# What is the difference between currying and partial function application in practice

I understand the difference between partial function application and a curried function (`f(X x Y x Z) -> N` vs `f(X -> (Y -> (Z -> N)))`), but I do not see what the consequence of this difference is when developing software.

Originally, currying was to simplify analysis, rather than a practical programming technique; in lambda calculus, all functions are unary. Currying is often used at the language level for a similar reason: simplifying the computational model.

Partial application is used when a named, useful function can be implemented in terms of another, more general function simply by fixing an argument.

They remain distinct forms, involving different parts of computation. Consider:

``````x=>y=>z=>f(x,y)
(y,z)=>f(0,y,z)
``````

Note that a curried function doesn't have any values bound to arguments and takes the arguments in a specific order; once you curry a function, you don't curry the result and don't change the order that the function takes arguments (though you could uncurry and curry to do so). A partial function, in contrast, has values bound to arguments and can be further partially applied along any remaining argument.

Applying a curried function is close to partial application (you don't, after all, curry a function and leave it at that; at some point, you're going to apply it), which is where uses begin to cross over. When you do this, currying is only the first of two steps towards partial application.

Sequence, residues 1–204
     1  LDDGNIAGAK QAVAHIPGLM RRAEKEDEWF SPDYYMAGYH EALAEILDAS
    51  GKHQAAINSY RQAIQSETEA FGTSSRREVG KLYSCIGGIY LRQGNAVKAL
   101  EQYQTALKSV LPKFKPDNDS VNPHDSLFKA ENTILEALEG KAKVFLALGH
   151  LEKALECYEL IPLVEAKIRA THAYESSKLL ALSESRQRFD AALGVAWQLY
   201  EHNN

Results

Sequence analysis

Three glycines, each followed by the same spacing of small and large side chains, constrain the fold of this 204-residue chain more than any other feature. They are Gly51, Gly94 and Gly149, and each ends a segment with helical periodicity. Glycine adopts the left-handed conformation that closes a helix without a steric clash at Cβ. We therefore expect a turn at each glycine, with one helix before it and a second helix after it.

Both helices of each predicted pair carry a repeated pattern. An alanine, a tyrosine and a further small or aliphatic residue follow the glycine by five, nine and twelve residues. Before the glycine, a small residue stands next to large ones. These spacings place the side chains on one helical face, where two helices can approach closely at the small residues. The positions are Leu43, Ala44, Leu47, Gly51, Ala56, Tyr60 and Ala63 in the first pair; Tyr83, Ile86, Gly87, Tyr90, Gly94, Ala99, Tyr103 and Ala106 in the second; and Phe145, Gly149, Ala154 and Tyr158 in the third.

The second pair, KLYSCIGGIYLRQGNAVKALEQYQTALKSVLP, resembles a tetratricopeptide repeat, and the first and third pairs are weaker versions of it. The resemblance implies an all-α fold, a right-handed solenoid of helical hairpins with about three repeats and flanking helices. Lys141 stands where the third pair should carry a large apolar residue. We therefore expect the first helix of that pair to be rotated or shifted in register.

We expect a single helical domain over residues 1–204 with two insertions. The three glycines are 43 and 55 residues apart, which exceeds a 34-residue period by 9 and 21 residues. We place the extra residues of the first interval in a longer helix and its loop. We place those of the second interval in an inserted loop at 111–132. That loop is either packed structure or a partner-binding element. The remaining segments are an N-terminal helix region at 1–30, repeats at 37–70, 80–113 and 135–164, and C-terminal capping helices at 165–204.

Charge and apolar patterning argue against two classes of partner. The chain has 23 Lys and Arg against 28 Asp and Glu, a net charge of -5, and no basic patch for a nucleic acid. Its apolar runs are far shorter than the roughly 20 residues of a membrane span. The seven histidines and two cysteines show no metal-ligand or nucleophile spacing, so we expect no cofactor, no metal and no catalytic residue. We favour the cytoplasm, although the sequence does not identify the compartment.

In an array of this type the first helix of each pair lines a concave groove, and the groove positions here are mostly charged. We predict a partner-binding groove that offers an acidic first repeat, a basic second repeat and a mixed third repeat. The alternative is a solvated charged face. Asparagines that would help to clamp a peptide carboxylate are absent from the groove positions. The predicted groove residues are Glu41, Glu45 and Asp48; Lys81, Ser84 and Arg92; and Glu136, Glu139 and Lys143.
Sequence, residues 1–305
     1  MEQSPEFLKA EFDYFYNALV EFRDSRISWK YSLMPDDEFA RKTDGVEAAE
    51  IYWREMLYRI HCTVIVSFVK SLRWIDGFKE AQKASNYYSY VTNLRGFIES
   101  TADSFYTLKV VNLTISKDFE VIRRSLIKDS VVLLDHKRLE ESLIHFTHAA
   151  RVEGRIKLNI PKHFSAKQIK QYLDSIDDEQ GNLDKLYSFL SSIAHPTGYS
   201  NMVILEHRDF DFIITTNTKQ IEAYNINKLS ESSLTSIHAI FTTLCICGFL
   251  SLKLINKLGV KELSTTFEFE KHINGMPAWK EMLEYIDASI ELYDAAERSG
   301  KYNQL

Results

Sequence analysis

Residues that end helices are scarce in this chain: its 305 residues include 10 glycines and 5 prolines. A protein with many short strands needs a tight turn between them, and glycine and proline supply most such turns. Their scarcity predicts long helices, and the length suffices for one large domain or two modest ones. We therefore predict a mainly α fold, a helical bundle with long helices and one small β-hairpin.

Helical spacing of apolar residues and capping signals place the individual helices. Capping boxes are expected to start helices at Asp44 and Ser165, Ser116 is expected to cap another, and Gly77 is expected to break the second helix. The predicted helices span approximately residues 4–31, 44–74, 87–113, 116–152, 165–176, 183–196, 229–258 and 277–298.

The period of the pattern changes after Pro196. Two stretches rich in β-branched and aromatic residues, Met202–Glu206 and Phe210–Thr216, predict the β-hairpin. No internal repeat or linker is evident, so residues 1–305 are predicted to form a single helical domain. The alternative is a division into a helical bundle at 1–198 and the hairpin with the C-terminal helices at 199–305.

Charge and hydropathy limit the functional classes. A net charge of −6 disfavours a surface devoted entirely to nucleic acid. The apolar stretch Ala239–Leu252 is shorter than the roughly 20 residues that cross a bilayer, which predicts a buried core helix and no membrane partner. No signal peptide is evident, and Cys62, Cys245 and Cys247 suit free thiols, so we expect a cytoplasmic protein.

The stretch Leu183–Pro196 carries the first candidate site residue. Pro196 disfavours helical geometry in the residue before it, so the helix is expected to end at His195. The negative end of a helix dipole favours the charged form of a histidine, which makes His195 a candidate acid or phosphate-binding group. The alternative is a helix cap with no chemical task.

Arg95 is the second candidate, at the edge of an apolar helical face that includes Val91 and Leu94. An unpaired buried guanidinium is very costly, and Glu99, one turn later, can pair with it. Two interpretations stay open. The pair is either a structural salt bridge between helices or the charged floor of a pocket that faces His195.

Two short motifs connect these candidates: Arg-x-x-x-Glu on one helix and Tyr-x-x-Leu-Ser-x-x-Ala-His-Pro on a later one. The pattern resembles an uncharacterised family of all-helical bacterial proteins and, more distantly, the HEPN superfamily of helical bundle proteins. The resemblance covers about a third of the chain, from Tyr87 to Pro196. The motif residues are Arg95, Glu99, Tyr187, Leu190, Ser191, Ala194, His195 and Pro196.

I believe that your question can be rephrased as: why do languages have currying?

It is mostly a question of convenience:

In Ocaml, you could code

`````` let sum3 x y z = x + y + z;;
let foo xx yy ll = List.map (sum3 xx yy) ll;;
``````

In Scheme you'll need to explicitly make an anonymous function

`````` (define (sum3 x y z) (+ x y z))
(define (foo xx yy ll) (map (lambda (zz) (sum3 xx yy zz)) ll))
``````

Languages with partial applications & currying need practically to have an optimization to avoid creating partial closures everywhere; you don't want the implementation to always apply `sum3` as if it was defined as

`````` let sum3 x =
fun y ->
(fun z -> x + y + z)
``````

that is, to allocate 2 intermediate closures when computing `sum3 1 2 3` (understood and parsed as `((sum3 1) 2) 3` ...). You want the sum to be computed immediately.